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United States Court of Appeals,Second Circuit.

Katherine MAZZAFERRO, Joanne Malec, and Ruth Glahn, Plaintiffs-Appellees, v. RLI INSURANCE CO., Defendant-Appellant.

No. 601, Docket 93-9103.

Decided: March 13, 1995

Before:  VAN GRAAFEILAND, FEINBERG and MINER, Circuit Judges. Richard H. Alden, Bristol, CT (Anderson, Alden, Hayes & Ziogas, Bristol, CT, of counsel), for plaintiff-appellee Glahn. J. Brian Gaffney, Eileen M. Meskill, Gaffney Law Associates, New Britain, CT, for plaintiffs-appellees Mazzaferro and Malec. Martin P. Gold, Butler, Morris & Gold, Hartford, CT, for plaintiff-appellee Malec. Edward F. Hennessey, Hartford, CT (Raymond T. DeMeo, Robinson & Cole, Hartford, CT, of counsel), for defendant-appellant.

RLI Insurance Company appeals pursuant to 28 U.S.C. § 1292(b) from orders of the United States District Court for the District of Connecticut (Dorsey, J.) granting partial summary judgment in favor of Katherine Mazzaferro and the Estates of Joanne Malec and Ruth Glahn and denying RLI's cross-motion for summary judgment in its favor.   For the reasons that follow, we reverse.

On February 7, 1985, Katherine Mazzaferro, Joanne Malec and Ruth Glahn, who were employed as nurses by American Red Cross (“Red Cross”), were involved in a two-car collision while traveling on duty in a motor vehicle owned by Red Cross.   Malec and Glahn were killed and Mazzaferro sustained serious injuries.   At the time of the accident, Red Cross had an automobile insurance policy with The Travelers Indemnity Company which provided uninsured/underinsured motorist (“UUM”) coverage as required by Connecticut law.

Red Cross had executed a document rejecting UUM coverage in all states where such rejection was permitted by law and electing the minimum required UUM insurance limits where rejection was not permitted.   The Travelers policy issued to Red Cross that was applicable in Connecticut provided $1,000,000 of liability coverage and $40,000 of UUM coverage.   However, the Connecticut Supreme Court held that the Red Cross election was ineffective because a revision of Conn.Gen.Stat.Ann. § 38-175c(a)(2), now § 38a-336(a)(2), made after the election, required UUM coverage to be equal to liability coverage unless the insured specifically requested a lower amount, and Red Cross had not re-elected lower UUM limits after the effective date of the revision.   See Travelers Indemnity Co. v. Malec, 215 Conn. 399, 576 A.2d 485 (1990).   Plaintiffs recovered a total of $1,000,000 in UUM benefits under the Travelers policy, thereby exhausting UUM coverage.

At the time of the accident, Red Cross also had an “Umbrella Liability Policy” with RLI.   After exhausting coverage under the Travelers policy, plaintiffs sought additional UUM benefits under the RLI policy.   When RLI denied their claims, plaintiffs brought this action, and the parties filed cross-motions for summary judgment contesting the availability of UUM coverage under the RLI policy.   On April 3, 1992, the district court granted plaintiffs' motion and denied RLI's.   The court found that the RLI policy was ambiguous as to whether it provided UUM coverage and, relying on the doctrine that ambiguities in insurance contracts are resolved in favor of the insured, granted partial summary judgment to the plaintiffs.

On October 19, 1992, RLI moved that the district court reconsider and amend its summary judgment ruling.   The motion was based in part on two Connecticut Supreme Court cases that were decided after the district court's summary judgment order, Mass v. United States Fidelity & Guar. Co., 222 Conn. 631, 610 A.2d 1185 (1992), and Curran v. Aetna Casualty & Sur. Co., 222 Conn. 657, 610 A.2d 1198 (1992).   Thereafter, on January 21, 1993, RLI moved to amend its answer to add an affirmative defense that the three nurses, who were on duty and were traveling in a Red Cross vehicle at the time of the accident, were barred from recovering UUM benefits by § 31-284(a), the exclusive remedy provision of Connecticut's Worker Compensation Act.   This proposed additional defense also cited new case law, CNA Ins. Co. v. Colman, 222 Conn. 769, 610 A.2d 1257 (1992), and Bouley v. Norwich, 222 Conn. 744, 610 A.2d 1245 (1992).   Finally, on February 23, 1993, RLI made a second motion for summary judgment based on the proposed new defense.   The district court denied the motions on September 15, 1993.   The court reviewed the Mass and Curran cases, but did not consider them dispositive and so refused to alter its judgment.   The court also rejected the proposed new defense as untimely.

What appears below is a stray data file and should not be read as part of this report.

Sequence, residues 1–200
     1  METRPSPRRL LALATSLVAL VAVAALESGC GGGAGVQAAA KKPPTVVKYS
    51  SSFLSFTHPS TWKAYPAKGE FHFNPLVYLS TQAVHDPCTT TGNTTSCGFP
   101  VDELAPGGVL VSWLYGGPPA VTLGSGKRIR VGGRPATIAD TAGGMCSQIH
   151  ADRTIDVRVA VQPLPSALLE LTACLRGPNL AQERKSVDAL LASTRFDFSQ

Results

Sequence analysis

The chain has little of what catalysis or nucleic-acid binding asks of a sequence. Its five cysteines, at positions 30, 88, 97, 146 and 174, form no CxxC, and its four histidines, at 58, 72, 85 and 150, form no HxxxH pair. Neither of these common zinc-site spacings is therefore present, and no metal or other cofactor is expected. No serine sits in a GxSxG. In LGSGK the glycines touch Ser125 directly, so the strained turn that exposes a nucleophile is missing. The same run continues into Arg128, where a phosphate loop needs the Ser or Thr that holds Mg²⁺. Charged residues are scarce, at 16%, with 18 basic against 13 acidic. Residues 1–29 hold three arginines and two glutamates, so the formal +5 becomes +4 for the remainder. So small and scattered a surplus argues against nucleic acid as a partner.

Because we are concerned here with a claim for uninsured/underinsured motorist coverage, the proper starting point in our search for the parties' intent is a clear understanding of what UUM coverage is.   Briefly stated, it is a form of insurance that compensates an insured motorist for injuries caused by the negligence of another motorist who is either uninsured or underinsured.   It does not provide additional liability coverage for the negligence of the insured himself.   See 12A Couch on Insurance 2d § 45:620, at 17 (rev. ed. 1981).  “[UUM] coverage fills that void where the insured and his family are not at fault, but are injured, and where the one inflicting the injury either is uninsured, underinsured or a hit and run driver where the identity and fact of insurance or non-insurance cannot be ascertained.”  Id. at 18.

The nature of liability insurance coverage is too well settled to permit quibbling.   Black's Law Dictionary 824 (5th ed. 1979), quoted with approval in McNeilab, Inc. v. North River Ins. Co., 645 F.Supp. 525, 537 (D.N.J.1986), aff'd without opinion, 831 F.2d 287 (3d Cir.1987), defines “liability insurance” as “[t]hat type of insurance protection which indemnifies one from liability to third persons as contrasted with insurance coverage from losses sustained by the insured.”   See also 44 C.J.S. Insurance § 9 (1993).  “Liability insurance is designed to protect an insured from claims for damages owed to a third person, and not from losses that the insured suffers directly.”  Norwich v. Silverberg, 200 Conn. 367, 372, 511 A.2d 336 (1986) (citing Cain v. American Policyholders' Ins. Co., 120 Conn. 645, 653, 183 A. 403 (1936)).

 The distinction between liability insurance and UUM coverage is clear and well recognized.   The latter is based on a public policy that “ ‘every insured is entitled to recover for the damages he or she would have been able to recover if the uninsured motorist [with whom the insured collided] had maintained a policy of liability insurance.’ ”  Streitweiser v. Middlesex Mut. Assurance Co., 219 Conn. 371, 377, 593 A.2d 498 (1991) (quoting Harvey v. Travelers Indem. Co., 188 Conn. 245, 249, 449 A.2d 157 (1982)).   To the extent that liability plays any role in a case where the plaintiff is seeking UUM recovery, it is the liability of the wrongdoing tortfeaser, not that of the innocent insured.   See Covenant Ins. Co. v. Coon, 220 Conn. 30, 34, 594 A.2d 977 (1991);  American Motorists Ins. Co. v. Gould, 213 Conn. 625, 630, 569 A.2d 1105 (1990).